21. Did this one in the pub last night and tried their new food menu. This was definitely, for us anyway, tougher than the usual Saturday offering. We were not helped by putting the wrong second word in 16a (we had that stuff you tie up parcels with and thought it fitted rather well since one of its meaning as a verb is ‘(slang) fool or hoax’. Hope this doesn’t incur an exile to the naughty step). Or maybe it was beer at work – who knows? Regardless, it took us a while to discover our most of 4a.

    Thought 8a was a lovely clue.

    So it’s 3*/3* from us, thanks to BD and the setter and Happy Easter all.

  22. It was one of those that needed peace and quiet, rather than watching TV at the same time. Got several when I went to bed. 12a was last – I expected a ‘G’ in it until I looked it up in dictionary . One or two oddies but didn’t, need a hint. Thanks BD & setter!

    1. I was quite pleased with myself for getting all but one clue. My last one was also 12a. I have seen the probable answer and can see one way the clue works, but cannot see where the ‘imbecile’ fits in……unless that is me! Shame BD doesn’t give any hints for this clue.

      1. Welcome to the blog Bazzer

        12a Reinstated imbecile in distress (10)
        Easier than you may think! It’s an anagram (imbecile) of REINSTATED

        1. Thanks BD, I have learnt something today….imbecile = anagram…
          I had got the anagram without knowing why and was wrestling with “********” as in distress!

  23. Nearly forgot to comment after failing to log on yesterday. Not a bad crossword I thought, a little trickier than the usual r&w’s on a Saturday. I liked 25a for its simplicity.
    2/3* overall.
    Thanks to the setter and to BD for manfully persevering…..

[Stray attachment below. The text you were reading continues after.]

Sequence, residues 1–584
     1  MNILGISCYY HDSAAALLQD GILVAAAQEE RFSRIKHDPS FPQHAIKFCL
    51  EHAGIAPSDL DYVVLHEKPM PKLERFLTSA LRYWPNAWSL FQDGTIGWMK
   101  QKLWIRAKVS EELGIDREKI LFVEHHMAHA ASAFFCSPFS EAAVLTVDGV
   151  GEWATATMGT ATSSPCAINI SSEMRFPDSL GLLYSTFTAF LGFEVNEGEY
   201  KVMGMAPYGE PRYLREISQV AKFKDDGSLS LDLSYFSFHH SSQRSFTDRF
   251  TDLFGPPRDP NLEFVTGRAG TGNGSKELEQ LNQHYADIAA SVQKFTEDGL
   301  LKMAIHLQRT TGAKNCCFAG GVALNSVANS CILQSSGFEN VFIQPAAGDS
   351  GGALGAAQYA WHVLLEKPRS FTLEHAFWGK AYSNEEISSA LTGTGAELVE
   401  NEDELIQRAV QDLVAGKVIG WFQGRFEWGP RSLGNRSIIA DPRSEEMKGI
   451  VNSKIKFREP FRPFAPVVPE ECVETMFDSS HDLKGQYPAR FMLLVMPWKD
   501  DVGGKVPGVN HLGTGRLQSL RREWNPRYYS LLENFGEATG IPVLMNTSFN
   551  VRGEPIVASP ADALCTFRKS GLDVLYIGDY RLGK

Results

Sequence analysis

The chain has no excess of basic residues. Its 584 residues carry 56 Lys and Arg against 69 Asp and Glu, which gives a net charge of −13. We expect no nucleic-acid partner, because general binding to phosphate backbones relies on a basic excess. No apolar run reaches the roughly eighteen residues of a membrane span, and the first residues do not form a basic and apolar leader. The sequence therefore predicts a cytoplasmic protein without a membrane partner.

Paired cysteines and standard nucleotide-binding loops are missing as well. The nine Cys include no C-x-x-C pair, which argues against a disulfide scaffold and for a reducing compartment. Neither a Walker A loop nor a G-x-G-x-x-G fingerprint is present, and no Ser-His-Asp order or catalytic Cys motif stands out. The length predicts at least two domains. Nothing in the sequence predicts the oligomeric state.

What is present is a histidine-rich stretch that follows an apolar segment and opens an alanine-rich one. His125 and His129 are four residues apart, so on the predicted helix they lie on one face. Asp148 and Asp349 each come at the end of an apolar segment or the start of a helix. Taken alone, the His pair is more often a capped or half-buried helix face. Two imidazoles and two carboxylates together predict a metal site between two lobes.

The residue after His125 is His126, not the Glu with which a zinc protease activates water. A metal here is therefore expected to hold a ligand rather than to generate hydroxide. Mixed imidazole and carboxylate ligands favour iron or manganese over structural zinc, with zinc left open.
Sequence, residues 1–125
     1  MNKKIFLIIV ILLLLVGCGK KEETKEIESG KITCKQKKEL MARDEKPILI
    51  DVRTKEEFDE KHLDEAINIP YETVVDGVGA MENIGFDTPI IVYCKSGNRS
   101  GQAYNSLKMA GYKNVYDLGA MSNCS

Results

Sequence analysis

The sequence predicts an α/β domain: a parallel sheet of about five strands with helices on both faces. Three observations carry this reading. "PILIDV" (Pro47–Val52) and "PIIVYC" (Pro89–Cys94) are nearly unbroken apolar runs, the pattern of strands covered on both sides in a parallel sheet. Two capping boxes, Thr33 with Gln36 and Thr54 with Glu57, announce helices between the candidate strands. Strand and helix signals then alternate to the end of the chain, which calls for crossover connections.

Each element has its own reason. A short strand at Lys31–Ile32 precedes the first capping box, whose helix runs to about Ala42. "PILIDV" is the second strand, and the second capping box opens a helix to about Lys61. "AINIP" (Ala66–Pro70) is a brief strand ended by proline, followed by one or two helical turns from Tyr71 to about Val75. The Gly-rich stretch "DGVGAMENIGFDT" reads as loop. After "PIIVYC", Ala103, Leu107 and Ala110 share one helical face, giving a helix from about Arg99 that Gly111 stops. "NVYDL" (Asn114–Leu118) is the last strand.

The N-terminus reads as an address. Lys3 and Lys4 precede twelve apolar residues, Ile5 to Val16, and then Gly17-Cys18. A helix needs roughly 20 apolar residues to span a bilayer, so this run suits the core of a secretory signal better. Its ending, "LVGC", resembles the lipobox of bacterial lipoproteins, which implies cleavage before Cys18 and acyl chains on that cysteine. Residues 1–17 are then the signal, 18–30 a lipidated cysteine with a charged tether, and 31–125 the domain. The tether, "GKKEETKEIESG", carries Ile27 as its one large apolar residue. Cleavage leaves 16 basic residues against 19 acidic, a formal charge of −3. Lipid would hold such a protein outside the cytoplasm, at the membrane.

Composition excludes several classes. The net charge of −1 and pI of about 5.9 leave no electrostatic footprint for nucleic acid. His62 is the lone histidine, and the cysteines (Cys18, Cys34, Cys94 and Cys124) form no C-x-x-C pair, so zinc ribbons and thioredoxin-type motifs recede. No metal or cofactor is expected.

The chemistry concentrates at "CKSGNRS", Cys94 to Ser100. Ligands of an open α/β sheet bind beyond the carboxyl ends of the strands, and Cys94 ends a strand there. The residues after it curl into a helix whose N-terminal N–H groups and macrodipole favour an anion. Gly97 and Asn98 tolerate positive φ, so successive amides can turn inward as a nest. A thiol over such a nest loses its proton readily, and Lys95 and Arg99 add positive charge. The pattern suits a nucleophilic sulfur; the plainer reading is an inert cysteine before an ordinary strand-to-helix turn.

24. Rather late in the day.
    Didn’t think much of that, too many odd clues, hard to put my finger on it.
    Thanks to BD for the usual high-quality hints and to the setter

    1. All done just before the concluding part of “The Night Manager”.
      That one will not live long in the memory.
      Hope Sunday is better.

  25. ***/***. Trickier than normal for me. Liked 20a & 14d. Thanks to the setter and DT for the blog.

  26. Didn’t have time for this on Saturday as I was too busy being lazy and when I finally got myself into gear, a DT was not to be found within walking distance of Strummer Towers. Oh well. Picked up a copy at work and settled down to a satisfying solve on my return. Trickier than the usual Saturday fare, and all the better for it. I liked the anagrams and have no gripes about any clues – which is almost a first. Lots of them jostling for pole position, but I’m going for 14d as leader of the pack, with hon menshes for 20a, 13a and 1d. Gosh, it’s stormy out. Hope everyone keeps safe. It reminds me of the poem by Fernando Pessoa (in his guise as Álvaro de Campos) which, probably, only mathematicians will appreciate, if anyone.
    Newton’s binomial theory
    Newton’s binomial theory is as beautiful as the Venus de Milo
    O! O! O! O! — O! O! O! O! O! O! O! O! O! —
    O! O! O! O! O! O! O! O! O! O! O! O! O! O! O!
    (The wind out there)